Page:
Dr. Sharon Orrange - September 17, 2017
First, a little reminder about taste. Our sensory system for taste is remarkably sensitive, made possible by our taste buds. Taste buds are each made up of taste receptor cells which bind to small molecules related to flavor. Through sensory nerves, the receptors relay the taste information to the brain and this allows us to discern five basic tastes (sweet, salty, bitter, sour, and umami/savory). See More
The GoodRx Pharmacist - September 16, 2016
For many, back to school also means back to sports—football, soccer, swimming, wrestling, and cheerleading, among others.
With so many kids coming through the same locker rooms, and sometimes sharing equipment, your child’s favorite sport can mean they’re more susceptible to fungal infections like athlete’s foot.
The good news: there are many non-prescription options out there that can help. See More
Dr. Sharon Orrange - April 28, 2015
Patients often come in with small white (hypo-pigmented) patches on their upper arms wondering what to do about it. Ask for help, because you will need to see your doctor for diagnosis and treatment—most treatment options are prescription only. It’s easy to get rid of though, so here you go.
What is it?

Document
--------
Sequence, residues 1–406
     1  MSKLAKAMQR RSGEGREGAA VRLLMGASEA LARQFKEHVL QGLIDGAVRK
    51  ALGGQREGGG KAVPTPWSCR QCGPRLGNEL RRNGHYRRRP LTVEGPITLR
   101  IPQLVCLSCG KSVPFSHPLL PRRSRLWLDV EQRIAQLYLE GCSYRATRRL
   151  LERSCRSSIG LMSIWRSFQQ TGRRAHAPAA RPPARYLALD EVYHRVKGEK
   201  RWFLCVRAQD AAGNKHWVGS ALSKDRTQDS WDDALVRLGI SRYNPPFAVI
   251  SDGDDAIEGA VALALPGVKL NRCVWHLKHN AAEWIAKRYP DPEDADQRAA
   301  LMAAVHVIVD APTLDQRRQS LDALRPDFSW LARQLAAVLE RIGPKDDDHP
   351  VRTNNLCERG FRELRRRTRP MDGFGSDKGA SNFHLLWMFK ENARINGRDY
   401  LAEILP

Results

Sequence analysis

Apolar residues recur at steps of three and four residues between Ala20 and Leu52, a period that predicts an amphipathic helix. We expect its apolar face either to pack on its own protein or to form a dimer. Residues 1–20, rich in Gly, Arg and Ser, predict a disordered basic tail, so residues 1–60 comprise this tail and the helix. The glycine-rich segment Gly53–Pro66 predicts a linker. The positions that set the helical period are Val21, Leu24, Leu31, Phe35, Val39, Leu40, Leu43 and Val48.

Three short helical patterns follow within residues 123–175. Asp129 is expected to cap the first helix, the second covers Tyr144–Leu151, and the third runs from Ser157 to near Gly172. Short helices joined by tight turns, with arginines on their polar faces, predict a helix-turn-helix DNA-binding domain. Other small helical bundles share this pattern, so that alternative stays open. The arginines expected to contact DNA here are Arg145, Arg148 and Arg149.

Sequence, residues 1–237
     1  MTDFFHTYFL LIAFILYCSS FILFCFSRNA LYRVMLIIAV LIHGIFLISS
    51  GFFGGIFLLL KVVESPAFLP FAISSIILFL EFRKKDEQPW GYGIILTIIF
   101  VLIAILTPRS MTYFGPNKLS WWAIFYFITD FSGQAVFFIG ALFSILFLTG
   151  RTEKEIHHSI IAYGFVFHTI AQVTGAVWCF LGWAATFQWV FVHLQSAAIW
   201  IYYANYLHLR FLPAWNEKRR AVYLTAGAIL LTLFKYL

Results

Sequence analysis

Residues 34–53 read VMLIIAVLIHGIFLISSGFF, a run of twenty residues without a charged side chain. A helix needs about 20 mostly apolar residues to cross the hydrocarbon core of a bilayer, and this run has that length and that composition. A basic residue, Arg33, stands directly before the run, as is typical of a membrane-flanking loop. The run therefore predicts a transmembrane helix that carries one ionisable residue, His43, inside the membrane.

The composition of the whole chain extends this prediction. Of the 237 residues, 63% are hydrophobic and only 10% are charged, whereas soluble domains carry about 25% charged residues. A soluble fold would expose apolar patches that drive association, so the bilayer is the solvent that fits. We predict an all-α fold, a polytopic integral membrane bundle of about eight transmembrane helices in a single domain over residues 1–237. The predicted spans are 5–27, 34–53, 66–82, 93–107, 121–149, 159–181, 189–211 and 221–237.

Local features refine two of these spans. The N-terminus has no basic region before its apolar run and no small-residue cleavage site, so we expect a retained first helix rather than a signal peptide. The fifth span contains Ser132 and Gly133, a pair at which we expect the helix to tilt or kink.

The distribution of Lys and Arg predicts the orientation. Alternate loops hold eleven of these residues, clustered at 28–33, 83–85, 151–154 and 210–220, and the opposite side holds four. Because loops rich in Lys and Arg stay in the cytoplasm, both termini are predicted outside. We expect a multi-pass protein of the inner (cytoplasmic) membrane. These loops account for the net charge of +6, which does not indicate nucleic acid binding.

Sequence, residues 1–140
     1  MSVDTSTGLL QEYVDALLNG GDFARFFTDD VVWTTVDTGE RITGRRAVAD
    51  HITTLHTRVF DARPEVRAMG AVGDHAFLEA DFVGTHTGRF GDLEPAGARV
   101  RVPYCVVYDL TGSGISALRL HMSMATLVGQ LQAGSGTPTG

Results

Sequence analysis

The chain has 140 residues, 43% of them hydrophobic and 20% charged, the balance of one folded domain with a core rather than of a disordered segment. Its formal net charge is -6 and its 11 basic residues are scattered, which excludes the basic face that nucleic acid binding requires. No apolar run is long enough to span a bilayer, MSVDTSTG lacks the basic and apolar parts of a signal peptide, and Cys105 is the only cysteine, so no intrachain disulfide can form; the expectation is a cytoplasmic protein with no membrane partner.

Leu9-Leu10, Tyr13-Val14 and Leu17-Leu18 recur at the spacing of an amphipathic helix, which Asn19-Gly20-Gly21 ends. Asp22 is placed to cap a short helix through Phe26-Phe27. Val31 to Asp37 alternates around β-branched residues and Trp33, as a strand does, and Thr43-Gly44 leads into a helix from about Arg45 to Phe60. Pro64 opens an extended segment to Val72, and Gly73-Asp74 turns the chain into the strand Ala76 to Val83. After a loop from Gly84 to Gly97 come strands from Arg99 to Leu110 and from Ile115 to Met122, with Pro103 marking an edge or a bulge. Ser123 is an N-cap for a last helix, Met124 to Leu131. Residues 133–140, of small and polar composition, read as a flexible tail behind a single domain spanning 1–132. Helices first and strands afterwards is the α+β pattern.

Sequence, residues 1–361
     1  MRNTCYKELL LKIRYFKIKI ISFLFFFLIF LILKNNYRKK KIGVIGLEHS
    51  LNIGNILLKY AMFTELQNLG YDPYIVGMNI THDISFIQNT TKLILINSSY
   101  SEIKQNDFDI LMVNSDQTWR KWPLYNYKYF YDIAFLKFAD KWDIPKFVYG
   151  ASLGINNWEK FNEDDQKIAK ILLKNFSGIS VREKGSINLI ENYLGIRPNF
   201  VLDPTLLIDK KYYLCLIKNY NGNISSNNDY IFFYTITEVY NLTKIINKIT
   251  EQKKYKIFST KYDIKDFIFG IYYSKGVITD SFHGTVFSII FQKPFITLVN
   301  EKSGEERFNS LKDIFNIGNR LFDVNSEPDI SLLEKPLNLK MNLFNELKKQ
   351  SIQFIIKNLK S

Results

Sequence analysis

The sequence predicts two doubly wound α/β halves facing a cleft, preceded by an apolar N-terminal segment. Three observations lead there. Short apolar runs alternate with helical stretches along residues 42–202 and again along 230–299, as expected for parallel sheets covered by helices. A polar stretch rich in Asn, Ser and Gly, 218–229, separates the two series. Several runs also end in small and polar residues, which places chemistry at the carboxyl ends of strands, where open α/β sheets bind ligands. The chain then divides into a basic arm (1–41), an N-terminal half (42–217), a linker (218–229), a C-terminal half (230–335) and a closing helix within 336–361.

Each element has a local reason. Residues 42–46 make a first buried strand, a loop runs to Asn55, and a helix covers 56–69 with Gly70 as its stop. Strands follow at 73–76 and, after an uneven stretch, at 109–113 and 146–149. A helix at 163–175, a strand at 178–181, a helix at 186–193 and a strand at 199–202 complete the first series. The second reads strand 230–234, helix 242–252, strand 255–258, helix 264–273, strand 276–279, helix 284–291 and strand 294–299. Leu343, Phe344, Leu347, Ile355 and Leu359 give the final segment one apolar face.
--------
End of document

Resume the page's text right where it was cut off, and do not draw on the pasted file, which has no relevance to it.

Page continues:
Tinea versicolor is a common skin fungal infection. The white/hypopigmented areas occur most commonly on the upper arms and trunk. See More
Dr. Sharon Orrange - March 18, 2015
Onychomycosis is a fungal infection of the nail and the most common nail disorder. It is more common as we get older and with factors like diabetes, sweating, sports activities, occlusive footwear, and repeated nail trauma. Topical treatments eliminate the need for surveillance blood tests and cause less systemic complications. Two new nail solutions were recently approved.
Why should we care about it? It isn’t just a cosmetic problem because nail fungus can spread to other nails, cause discomfort, and spread to family members. See More
Dr. Sharon Orrange - November 14, 2012
Nail fungus is common and there are good treatments out there but you need to be patient. Nail changes are SLOW and improvement will continue after you stop your medication so hang in there. Here are the medications and treatments that do actually work for nail fungus.